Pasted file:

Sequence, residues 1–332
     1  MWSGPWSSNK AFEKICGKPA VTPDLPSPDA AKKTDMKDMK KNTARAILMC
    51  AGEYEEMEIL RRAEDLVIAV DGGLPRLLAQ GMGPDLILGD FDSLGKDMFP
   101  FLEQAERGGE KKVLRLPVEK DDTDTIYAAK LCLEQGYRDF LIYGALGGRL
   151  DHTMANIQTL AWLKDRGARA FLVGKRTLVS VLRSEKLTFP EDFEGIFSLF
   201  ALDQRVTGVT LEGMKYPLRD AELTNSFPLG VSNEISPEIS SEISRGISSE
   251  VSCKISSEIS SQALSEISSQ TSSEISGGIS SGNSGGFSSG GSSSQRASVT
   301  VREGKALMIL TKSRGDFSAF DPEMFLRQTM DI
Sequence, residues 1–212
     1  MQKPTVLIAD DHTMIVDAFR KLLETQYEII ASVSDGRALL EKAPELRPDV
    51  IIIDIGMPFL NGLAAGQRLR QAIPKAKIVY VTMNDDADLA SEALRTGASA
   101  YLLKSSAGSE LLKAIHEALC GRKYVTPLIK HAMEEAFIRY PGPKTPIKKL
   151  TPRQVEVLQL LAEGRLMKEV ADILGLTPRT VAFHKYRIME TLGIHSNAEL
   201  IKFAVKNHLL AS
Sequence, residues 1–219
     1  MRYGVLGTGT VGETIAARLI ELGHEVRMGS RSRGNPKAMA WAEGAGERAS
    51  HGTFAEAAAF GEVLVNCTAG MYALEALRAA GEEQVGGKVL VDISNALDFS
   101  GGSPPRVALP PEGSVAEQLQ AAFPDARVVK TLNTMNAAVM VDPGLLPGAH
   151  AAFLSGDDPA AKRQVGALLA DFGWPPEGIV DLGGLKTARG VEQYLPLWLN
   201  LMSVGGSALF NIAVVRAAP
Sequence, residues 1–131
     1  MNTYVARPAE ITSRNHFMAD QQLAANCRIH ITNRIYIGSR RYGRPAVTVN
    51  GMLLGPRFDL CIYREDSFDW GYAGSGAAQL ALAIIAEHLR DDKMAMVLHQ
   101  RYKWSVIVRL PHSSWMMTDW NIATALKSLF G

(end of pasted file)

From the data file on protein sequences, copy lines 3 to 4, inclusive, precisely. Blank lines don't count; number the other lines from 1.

    51  AGEYEEMEIL RRAEDLVIAV DGGLPRLLAQ GMGPDLILGD FDSLGKDMFP
   101  FLEQAERGGE KKVLRLPVEK DDTDTIYAAK LCLEQGYRDF LIYGALGGRL